In parallel with such research, an investigation of the impact of teaching which aims to provide for pupils with special educational needs through approaches such as differentiated instruction or the structured use of group work could provide valuable insights. Such studies to date tend to have understandably focused upon pupils with special educational needs and have given little consideration to how pedagogical practices influence others in the class (Tomlinson, et al., 2003; Diamanto and Stavroula, 2010; Wienen, Batstra, Thoutenhoofd, Bos and de Jonge, 2019). It has been suggested that teachers who are effective in planning and delivering lessons for pupils with special educational needs in mainstream schools are likely to have a positive impact on all pupils in the class. However, the evidence to support such an assertion is as yet limited, and this topic is worthy of further investigation.

Project IRIS is one of the few research studies to have reported on special educational needs provision and its impact at a national level. The approaches adopted by the researchers during this investigation generated data to provide both a broad overview of special education in Ireland and a more in-depth analysis at individual school and pupil level. The instruments used for field work and the approaches for systematic data analysis could easily be adjusted to take account of cultural nuances for a replication study in many other countries. The value of such research may well provide indicators of the efficacy of provision made in response to international agreements such as the Salamanca Statement and Framework for Action on Special Needs Education (UNESCO, 1994) and the implementation of Sustainable Development Goals (UNESCO, 2015).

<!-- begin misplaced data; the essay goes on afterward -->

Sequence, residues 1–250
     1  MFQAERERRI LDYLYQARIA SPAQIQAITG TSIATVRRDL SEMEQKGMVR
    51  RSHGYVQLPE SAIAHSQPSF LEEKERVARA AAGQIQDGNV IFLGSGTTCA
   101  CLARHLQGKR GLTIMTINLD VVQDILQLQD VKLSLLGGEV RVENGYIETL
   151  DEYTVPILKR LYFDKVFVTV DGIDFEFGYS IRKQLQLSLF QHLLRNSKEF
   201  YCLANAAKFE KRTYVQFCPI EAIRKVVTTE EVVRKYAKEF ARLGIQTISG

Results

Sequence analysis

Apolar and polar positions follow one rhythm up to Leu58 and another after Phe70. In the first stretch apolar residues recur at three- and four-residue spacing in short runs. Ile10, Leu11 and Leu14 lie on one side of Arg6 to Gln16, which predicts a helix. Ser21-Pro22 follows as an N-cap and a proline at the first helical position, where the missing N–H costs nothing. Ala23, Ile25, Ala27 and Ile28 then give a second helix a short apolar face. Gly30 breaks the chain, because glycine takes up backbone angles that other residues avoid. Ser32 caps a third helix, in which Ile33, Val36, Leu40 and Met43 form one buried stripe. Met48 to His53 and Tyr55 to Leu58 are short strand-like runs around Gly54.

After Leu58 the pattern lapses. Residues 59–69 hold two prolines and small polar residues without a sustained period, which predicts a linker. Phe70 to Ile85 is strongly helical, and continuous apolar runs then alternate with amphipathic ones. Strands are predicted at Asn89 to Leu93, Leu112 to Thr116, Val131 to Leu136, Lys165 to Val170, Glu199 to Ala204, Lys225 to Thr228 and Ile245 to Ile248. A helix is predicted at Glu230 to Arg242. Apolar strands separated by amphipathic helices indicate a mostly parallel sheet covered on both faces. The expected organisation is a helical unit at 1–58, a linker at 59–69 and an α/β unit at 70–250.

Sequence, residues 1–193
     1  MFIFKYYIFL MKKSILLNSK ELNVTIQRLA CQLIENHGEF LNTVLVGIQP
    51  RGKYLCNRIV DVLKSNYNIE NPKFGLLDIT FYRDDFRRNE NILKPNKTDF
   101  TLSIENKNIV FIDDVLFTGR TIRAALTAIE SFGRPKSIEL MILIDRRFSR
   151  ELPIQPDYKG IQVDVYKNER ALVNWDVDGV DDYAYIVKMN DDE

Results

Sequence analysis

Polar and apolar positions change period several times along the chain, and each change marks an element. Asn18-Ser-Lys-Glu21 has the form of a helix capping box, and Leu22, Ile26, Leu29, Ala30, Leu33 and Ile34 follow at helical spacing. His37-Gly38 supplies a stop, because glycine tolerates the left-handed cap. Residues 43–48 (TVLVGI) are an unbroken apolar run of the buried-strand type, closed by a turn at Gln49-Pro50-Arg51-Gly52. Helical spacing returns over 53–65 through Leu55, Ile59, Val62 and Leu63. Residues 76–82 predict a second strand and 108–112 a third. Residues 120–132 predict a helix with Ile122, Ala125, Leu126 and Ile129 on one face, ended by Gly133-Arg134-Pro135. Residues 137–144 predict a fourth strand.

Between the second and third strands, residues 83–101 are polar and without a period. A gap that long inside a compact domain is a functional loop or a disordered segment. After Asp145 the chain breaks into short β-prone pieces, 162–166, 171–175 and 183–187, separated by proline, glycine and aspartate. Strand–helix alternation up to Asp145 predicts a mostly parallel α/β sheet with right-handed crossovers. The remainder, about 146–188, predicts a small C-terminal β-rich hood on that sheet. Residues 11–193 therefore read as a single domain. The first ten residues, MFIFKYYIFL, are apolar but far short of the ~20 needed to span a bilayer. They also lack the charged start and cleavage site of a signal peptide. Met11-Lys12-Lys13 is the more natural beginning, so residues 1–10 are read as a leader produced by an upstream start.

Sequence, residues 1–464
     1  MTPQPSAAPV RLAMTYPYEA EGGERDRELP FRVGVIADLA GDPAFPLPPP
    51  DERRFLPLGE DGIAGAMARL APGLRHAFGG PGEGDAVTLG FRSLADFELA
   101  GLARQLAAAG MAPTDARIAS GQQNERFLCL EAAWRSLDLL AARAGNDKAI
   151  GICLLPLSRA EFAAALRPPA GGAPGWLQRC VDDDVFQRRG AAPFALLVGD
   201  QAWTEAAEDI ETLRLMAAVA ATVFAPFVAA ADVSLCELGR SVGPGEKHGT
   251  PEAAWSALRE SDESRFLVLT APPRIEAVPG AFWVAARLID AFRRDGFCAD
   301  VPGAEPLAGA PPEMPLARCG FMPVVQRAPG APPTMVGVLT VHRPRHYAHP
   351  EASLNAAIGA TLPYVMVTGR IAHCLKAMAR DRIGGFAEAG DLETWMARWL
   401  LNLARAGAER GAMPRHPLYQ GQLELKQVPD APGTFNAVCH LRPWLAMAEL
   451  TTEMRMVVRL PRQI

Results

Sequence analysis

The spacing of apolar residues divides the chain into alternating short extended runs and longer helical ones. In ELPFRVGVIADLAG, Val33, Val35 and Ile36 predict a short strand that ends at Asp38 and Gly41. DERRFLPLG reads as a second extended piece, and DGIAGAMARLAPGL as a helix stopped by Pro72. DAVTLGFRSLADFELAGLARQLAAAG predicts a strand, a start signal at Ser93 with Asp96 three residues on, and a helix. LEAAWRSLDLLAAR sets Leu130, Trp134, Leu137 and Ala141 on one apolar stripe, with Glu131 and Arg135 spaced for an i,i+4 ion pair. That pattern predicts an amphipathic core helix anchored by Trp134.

Having undertaken a longitudinal study across the whole of Ireland, we believe there are many advantages to be gained from a study of this nature. First, through such a study, it is possible to identify both those changes which occur during the course of the research and the various conditions and actions that have an impact on the learning of individuals over time. Being able to consider issues of sustainability was particularly useful when making recommendations about further actions to be taken in support of creating more inclusive schools. Second, through a longitudinal study, it is possible to build relationships and trust with all parties involved. By providing a long-term commitment to families and schools, we were able to call on individuals and groups when reconsidering aspects of the data or when we needed to probe an issue in greater depth. Finally, by visiting schools over a sustained period, it was possible to discuss the impact that sometimes subtle changes had upon the ability of staff to maintain a commitment to inclusion. Changes such as the appointment of new staff or approaches to classroom organisation were witnessed and their consequences for pupils and staff recorded.

Our understanding of how the most effective provision can be made for pupils with special educational needs remains at a nascent level. The need for further research is evident, but we would contend that while it is relatively easy to identify specific issues in need of investigation, the ways we conduct ourselves as researchers will be paramount if we wish to be seen to promote inclusion in its truest sense. Research that is respectful, focused and inclusive is likely to provide us with new knowledge and understanding about how we may support those who have previously been marginalised within schools. That which places the researcher in a naïve position of authority is less likely to be so influential.